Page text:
. of the United States. And even one of the nee
. favorites of “the Government”—notwithsiand
, ing that it has been constituted one of the keep
ers or the public treasure, round it tnconvemen
to pay its debts a day or two since, and the go
vernment itself was obliged to step forward to iti
relief. The circumstances were these: Tht
Girard Bank owed the U. S. Bank a balance ol
two hundred thousand dollars, for which pay
, mcnt was requested The Girard Bank prayed
for delay, but the U. S Bank thought the debt
had been long enough due, and declined the re
quest. In this dilemma, oot being able to meet
its engagements, the local Bank had recourse tc
a draft from the Treasury Department, of 500,
000 dollars— which it seems had been prepared
and procured for the emergency.—of course leav
ing a balance in its own favor of three hundred
thousand dollars—which the Mother Bank paid.
The fact hen* to he noted is this: By an illegal
removal of the deposites, “ the government” al
ready finds itself compelled to resort to another
( illegal act to sustain the credit of its new depoa
ite banks. So.that the public money is now
being” used-not for the legitimate purposes
of the government—not in payment of appropri
• ations by Congress—but to enable the favorite
;ilGcal Banks to meat their engagements! Con
Igress will have ‘*a searching operation” to per
form.— H. Y. Com.
Hon. James Barbour.—An interesting Me
moir of the Life of this distinguished Virginian,
i may be found in the Alexandria Gazette, of the
1 6th inSt. The article is chastely and forcibly
■ ! written, and is chdfricterised throughout by a
1 strict regard to facts, and to the life and charac
ter of Mr- Barbour. It has been our fortune to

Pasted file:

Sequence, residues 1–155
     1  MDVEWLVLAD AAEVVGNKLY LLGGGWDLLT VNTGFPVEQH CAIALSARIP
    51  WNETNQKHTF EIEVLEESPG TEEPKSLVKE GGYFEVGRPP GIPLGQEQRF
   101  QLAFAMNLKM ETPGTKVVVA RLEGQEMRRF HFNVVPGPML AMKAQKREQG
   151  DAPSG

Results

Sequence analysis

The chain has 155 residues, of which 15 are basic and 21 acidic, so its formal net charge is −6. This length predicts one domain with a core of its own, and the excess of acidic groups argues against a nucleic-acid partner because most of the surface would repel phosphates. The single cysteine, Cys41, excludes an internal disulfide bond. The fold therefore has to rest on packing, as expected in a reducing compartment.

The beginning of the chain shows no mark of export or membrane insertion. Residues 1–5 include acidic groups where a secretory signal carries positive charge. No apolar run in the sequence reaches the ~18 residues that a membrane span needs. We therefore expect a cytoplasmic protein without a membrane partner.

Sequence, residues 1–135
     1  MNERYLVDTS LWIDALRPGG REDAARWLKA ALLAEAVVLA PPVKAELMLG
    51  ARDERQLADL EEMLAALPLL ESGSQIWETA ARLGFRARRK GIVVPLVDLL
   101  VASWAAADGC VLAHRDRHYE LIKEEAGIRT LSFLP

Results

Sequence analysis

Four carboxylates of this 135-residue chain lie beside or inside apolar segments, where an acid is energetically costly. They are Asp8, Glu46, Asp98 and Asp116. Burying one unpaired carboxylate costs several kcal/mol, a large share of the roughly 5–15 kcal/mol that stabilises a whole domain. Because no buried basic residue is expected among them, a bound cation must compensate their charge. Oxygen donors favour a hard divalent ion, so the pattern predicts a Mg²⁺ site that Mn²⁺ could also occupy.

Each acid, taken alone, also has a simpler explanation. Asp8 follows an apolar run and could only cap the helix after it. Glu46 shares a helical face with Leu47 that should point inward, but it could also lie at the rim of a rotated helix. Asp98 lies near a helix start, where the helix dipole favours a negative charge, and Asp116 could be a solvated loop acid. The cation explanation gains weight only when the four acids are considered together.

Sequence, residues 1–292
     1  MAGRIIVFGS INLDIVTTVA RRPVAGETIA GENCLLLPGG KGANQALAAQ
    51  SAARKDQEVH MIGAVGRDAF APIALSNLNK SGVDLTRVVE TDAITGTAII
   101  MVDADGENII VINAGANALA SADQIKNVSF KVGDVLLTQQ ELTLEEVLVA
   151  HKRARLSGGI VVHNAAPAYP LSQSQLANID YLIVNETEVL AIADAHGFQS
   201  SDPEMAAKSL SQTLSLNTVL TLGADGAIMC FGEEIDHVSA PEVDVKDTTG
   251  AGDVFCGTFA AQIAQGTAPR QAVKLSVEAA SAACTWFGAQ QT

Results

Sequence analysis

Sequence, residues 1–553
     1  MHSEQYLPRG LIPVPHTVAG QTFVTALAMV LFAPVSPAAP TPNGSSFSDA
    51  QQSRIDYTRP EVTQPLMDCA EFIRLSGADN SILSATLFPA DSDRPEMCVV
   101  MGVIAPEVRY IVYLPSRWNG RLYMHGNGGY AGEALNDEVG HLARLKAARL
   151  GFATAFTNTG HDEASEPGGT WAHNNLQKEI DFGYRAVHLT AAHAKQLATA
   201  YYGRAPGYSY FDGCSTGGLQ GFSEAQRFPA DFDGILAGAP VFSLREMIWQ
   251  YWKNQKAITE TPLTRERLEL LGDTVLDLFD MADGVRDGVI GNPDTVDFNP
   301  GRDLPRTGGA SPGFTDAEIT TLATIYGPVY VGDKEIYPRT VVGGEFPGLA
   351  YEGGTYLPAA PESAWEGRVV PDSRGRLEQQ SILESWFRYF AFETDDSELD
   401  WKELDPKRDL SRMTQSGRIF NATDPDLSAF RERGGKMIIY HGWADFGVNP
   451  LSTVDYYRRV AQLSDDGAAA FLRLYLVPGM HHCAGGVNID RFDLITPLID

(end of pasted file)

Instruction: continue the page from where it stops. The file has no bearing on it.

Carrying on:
stand opposed to Mr. Barbour. He had select
ed one citizen as his choice for the Presidency—
we another. , He was honest in his preference—
and so were we in ours. These were in times,
however, when such difference was permitted—
and when the spirit of the Constitution, and of
Liberty, allowed citizens to differ, and yet not
hate one aoother. Hence we were never else
than friends. There has been no alteration, at
least, by statute, either in the Constitution, or in
those legible lines which characterise Liberty—
but only in men's practise under them.
We subscribe to all that the Memoir sets forth
in honor of Mr. Barbour. He is. indeed, an or
nament to the Country, and an honor to his spe
cies. It may be asked, what have we to do with
Mr. Barbour? It is for the purpose of remark*
ving upon (hit vary question,that wa hate spoken
of him at all. • ... .
We are too apt to make alieoa of tae best ci
tizeos. We permit our feelings, in regard to
men, to become circumscribed. If a citizan
shall not happen to belong to our State, (we
speak not of Pennsylvania only; the feeling is
common to all,) no matter how elevate e may
be in character, or how useful to the Country,
we are too apt to think of, and feel towards him,
as a stranger! We think this feeling ought to
be corrected. That other feeling ahould be cul
tivated which leads to the contemplation of any
gif»ed and virtuous citizen, as the property oj
the nation—and as reflecting no less honor by
his acts, upon other States, than the one in
which he may happen to have been born.
Nothing is so fatal to our happiness as one
oreat family, to the harmony ol its individual
members, and to Liberty, as is that spirit which
would set metes and bounds to our admiration of
the great and good. .. .
We are not of Virginia—but would not think
ourselves dishonored in hailing from it, unless,
indeed, we were allied to all ihe contradictions
and somersets of the Richmond Euquirer. But
though not of, or from N irginia, if we know our
selves we feel as proud of her Washingtons, und
Jeffersons, and Madisons, and Monroes, and
Barbours, as though we hail drawn our urst
breath, and lived all our days, in that State.
It is in this view of the subject, knowing Mr.
Barbour, as well as we do, that we rejoice to see
sketches of his life and character placed before
the public. All such sketches, when they relate
to goodness and virtue, are useful—and they add
to the stock of renown to which our great men
have so largely contributed, to make our country